Since the beginning of time there have been changes in the environment, and all beings on the planet have been adapting to them in order to survive. These changes are reflected in the genome and explain why the same tree in different climatic zones can change and produce fruits diverse, for example, in their taste or size.
At the same time, climate change has made many crops less productive, highlighting the urgent need to make them more resilient to climatic stresses. Many studies have identified the genes that allow rice, soybean and other food crops to adapt to their local environments. But few studies have focused on major fruit crops, such as the domesticated peach (Prunus persica), which has an annual global production of 24.5 million tonnes. Also, Prunus L. (Rosaceae) consists of over 200 species that include economically important fruit crops, such as peach (Prunus persica), almond (P. dulcis), plum (P. salicina), apricot (P. armeniaca), Mei (P. mume), and sweet cherry (P. avium).
In a recent paper, a research team led by the Boyce Thompson Institute (BTI) has identified genes that could allow peach trees and their wild relatives to tolerate stressful conditions and adapt to climate change. The research team examined the genomes of 263 wild relatives and local peach varieties from seven regions in China, each one with different environmental particularities: drought, strong UVB exposure, very cold… The team then conducted genome-wide environmental association studies on the samples, and identified more than 2,700 points in the genome that are linked to 51 environmental factors affecting local climates in those regions. For example, peaches from a region with extremely cold winter temperatures had a genetic variation in the histidine phosphotransfer protein AHP5, suggesting that the variant gave the peach tree the ability to withstand the cold. The team confirmed this idea by showing that levels of the protein increased when the plants were subjected to low temperatures. In addition, plants from a very arid region harboured variants in multiple genes in the abscisic acid biosynthesis (ABA) pathway that regulates drought stress responses, and in 12 genes in pathways that regulate starch and sugar metabolism. Further experiments showed that, in response to drought stress, ABA induced higher levels of a sucrose-producing enzyme, thus explaining why the fruit of peach trees in this region have consistently higher sugar content than those from less arid regions. In peach trees from the Tibetan plateau, the team also identified a variant in chalcone synthase 2 associated with tolerance to the intense UV-B radiation of this high-altitude region. The variant increased the production of the purple flavonoid anthocyanin in new plant shoots, protecting them from UV-B damage.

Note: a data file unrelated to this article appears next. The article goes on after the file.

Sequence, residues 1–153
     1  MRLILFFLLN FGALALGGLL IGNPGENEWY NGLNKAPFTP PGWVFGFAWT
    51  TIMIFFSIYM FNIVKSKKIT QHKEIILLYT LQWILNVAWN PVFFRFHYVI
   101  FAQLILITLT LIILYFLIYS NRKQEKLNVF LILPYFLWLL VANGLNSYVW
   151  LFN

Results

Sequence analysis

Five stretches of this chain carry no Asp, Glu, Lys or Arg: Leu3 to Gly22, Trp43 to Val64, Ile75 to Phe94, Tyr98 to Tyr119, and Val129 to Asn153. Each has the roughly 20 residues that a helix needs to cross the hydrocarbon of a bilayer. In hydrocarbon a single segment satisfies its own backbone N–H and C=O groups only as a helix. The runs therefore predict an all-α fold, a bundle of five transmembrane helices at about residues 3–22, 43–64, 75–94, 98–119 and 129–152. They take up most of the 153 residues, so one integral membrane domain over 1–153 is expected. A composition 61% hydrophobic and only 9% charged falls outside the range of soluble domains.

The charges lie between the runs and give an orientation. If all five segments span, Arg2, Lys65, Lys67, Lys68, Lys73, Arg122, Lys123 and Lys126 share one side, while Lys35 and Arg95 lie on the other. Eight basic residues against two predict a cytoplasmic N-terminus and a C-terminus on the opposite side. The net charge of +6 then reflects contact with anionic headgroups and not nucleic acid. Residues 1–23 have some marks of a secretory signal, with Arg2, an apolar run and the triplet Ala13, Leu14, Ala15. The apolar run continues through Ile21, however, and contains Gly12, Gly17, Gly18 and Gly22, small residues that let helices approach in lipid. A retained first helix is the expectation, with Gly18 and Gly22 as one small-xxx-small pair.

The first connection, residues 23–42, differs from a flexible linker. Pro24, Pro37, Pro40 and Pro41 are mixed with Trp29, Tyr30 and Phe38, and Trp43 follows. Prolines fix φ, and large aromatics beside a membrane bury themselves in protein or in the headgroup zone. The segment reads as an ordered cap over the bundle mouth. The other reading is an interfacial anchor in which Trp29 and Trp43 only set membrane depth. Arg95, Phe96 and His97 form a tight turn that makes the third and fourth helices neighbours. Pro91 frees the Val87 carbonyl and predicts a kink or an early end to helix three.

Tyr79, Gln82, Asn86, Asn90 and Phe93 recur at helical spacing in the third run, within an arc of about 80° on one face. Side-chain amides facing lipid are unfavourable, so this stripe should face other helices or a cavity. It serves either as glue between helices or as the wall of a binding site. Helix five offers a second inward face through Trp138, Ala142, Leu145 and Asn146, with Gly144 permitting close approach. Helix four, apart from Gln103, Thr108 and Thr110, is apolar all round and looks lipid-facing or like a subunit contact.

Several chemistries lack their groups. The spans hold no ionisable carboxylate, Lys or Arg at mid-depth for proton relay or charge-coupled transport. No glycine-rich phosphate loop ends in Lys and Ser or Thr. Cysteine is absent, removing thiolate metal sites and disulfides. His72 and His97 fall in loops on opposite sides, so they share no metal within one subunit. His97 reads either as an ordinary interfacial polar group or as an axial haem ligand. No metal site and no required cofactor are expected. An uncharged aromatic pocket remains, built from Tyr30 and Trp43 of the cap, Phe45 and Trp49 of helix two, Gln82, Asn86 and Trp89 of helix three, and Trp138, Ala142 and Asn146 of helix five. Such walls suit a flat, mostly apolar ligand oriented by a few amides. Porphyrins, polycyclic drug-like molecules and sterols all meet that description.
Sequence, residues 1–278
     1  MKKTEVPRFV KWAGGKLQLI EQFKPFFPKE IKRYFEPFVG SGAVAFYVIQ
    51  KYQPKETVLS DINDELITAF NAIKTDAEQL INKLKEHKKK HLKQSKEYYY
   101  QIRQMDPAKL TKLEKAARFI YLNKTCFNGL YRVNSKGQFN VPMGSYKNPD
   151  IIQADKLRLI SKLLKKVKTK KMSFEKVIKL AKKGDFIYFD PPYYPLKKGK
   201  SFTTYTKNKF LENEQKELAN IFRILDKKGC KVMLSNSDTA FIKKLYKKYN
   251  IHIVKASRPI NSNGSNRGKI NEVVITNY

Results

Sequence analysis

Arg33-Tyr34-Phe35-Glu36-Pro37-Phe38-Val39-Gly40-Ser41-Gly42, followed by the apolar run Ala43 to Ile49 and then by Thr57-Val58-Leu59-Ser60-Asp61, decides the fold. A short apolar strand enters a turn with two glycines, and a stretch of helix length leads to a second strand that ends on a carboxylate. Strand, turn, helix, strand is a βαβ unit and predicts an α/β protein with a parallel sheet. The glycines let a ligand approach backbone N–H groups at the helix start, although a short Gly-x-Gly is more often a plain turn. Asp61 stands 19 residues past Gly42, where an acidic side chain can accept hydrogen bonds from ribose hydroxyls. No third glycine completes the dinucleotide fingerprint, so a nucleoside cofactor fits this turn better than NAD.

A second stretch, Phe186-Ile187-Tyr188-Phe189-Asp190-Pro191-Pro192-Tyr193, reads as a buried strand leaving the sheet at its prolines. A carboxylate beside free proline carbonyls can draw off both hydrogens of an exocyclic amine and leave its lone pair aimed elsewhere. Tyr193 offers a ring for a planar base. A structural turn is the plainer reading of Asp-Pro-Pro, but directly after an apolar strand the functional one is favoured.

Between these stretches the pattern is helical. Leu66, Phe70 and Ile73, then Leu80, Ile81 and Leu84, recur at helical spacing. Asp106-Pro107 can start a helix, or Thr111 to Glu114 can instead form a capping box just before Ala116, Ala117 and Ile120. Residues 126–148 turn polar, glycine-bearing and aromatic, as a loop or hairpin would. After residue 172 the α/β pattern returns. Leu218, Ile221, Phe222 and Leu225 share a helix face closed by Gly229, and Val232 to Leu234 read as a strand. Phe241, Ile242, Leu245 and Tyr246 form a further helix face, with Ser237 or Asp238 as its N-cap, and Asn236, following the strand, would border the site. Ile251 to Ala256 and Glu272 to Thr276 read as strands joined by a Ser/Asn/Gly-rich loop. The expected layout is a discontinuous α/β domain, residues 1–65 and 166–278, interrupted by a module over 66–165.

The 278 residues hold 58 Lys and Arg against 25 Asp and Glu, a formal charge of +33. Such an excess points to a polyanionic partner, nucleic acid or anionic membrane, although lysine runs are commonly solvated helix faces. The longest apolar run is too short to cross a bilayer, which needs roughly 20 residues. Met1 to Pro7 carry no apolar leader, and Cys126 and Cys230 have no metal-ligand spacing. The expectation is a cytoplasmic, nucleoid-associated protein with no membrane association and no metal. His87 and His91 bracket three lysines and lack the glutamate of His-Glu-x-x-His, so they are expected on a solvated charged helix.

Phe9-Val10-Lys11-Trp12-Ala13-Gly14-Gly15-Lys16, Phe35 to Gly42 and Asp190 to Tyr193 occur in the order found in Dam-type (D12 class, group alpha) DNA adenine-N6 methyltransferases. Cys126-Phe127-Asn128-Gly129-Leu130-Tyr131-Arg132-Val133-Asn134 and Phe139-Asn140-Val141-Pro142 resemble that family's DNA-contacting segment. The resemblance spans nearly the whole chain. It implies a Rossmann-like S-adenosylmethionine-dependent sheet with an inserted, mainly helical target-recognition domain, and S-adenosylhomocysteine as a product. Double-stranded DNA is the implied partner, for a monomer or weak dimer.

Moreover, a comparative analysis of Prunus genomes indicated a remarkable expansion of the SINE retrotransposons occurred in the genomes of Tibetan species. Authors identified 62 Tibetan peach-specific SINEs that colocalized with metabolites differentially accumualted in Tibetan relative to cultivated peach. All these genomic and metabolic data for Prunus populations native to the Himalayan region indicate that the expansion of SINE retrotransposons helped Tibetan Prunus species adapt to the harsh environment of the Himalayan plateau by promoting the accumulation of beneficial metabolites.
Finally, the genetic information provided by these studies could help to breed Prunus trees that grow in very different and harsh environments, extending the geographical range of peach crops to new regions. This would increase the cultivation of this tree, improving not only its production, but also increasing the possibilities of cultivation in other areas that were not favourable until now, strengthening the economy and local markets.